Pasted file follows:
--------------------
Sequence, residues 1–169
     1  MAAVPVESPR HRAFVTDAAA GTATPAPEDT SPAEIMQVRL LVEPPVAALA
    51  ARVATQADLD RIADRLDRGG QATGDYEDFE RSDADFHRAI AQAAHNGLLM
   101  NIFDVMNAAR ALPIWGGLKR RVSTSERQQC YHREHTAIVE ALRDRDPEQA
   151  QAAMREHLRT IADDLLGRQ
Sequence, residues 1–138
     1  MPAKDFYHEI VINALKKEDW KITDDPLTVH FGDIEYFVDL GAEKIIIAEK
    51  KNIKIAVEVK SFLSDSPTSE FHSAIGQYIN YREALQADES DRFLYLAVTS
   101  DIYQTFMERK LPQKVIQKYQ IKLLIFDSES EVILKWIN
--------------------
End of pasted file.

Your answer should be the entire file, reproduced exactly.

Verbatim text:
Sequence, residues 1–169
     1  MAAVPVESPR HRAFVTDAAA GTATPAPEDT SPAEIMQVRL LVEPPVAALA
    51  ARVATQADLD RIADRLDRGG QATGDYEDFE RSDADFHRAI AQAAHNGLLM
   101  NIFDVMNAAR ALPIWGGLKR RVSTSERQQC YHREHTAIVE ALRDRDPEQA
   151  QAAMREHLRT IADDLLGRQ
Sequence, residues 1–138
     1  MPAKDFYHEI VINALKKEDW KITDDPLTVH FGDIEYFVDL GAEKIIIAEK
    51  KNIKIAVEVK SFLSDSPTSE FHSAIGQYIN YREALQADES DRFLYLAVTS
   101  DIYQTFMERK LPQKVIQKYQ IKLLIFDSES EVILKWIN